A few days ago, I called my bank, a major Northeast financial institution, to find out why a large deposit was first credited to my account and then removed. During the course of my inquiry, I was connected to two different phone representatives, each of whom went to great lengths to explain how the Patriot Act prevented them from answering my question.
“It would be a violation of the sender’s privacy,” they said in almost identical fashion. “But there are a great many reasons why this could have happened: a missing signature, an incomplete endorsement, an incorrect date …”
It didn’t take long before I felt like the person in those commercials who suffers through an automated explanation of which are business days and which are not.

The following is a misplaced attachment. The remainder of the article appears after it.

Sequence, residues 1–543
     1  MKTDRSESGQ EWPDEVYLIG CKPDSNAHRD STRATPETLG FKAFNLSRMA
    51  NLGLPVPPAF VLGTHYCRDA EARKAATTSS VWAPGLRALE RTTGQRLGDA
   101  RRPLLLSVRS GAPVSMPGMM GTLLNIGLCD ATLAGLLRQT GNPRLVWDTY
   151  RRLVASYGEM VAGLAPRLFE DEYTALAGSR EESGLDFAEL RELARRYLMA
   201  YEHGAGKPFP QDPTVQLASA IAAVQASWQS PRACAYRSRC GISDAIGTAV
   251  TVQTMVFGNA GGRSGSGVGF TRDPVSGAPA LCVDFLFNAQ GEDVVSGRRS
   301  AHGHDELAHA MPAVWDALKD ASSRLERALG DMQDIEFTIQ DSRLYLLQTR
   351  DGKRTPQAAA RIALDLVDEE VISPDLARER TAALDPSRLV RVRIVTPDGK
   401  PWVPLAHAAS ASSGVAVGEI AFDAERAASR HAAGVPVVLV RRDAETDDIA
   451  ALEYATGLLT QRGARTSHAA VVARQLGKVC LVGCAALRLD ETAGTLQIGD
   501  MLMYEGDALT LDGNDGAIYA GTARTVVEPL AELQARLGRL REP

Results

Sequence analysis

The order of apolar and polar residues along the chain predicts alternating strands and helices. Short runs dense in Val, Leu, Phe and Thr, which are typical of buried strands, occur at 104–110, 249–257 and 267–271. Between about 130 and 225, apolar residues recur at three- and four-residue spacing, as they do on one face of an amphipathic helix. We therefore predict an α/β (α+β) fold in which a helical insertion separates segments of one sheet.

Frustrated though I was, I could at least accept their answer because I understand that banks have their policies, and these folks were just being compliant. But what was NOT acceptable was the arrival in the next day’s snail mail of a copy of the very check I was inquiring about – a copy that displayed for all the world to see precisely the information I was requesting.
For all I know, citing privacy protection (with or without the actual cover of the Patriot Act) is what the bank’s policy requires its reps to do. But the arrival of the copy less than 24 hours later tells me it had to have been made and mailed before I called the help desk – meaning any such policy does not apply to printouts, only phone calls. Which, of course, makes no sense at all.
I tell this story to illustrate just how important it is for you to ensure your policies are written and enforced in a consistent manner. Not only does this eliminate a possible source of customer dissatisfaction – think I’m going to keep that money there long? – it closes the door to potentially costly compliance gaps by ensuring privacy is safeguarded regardless of the medium of communication used.
And that’s advice you can bank on.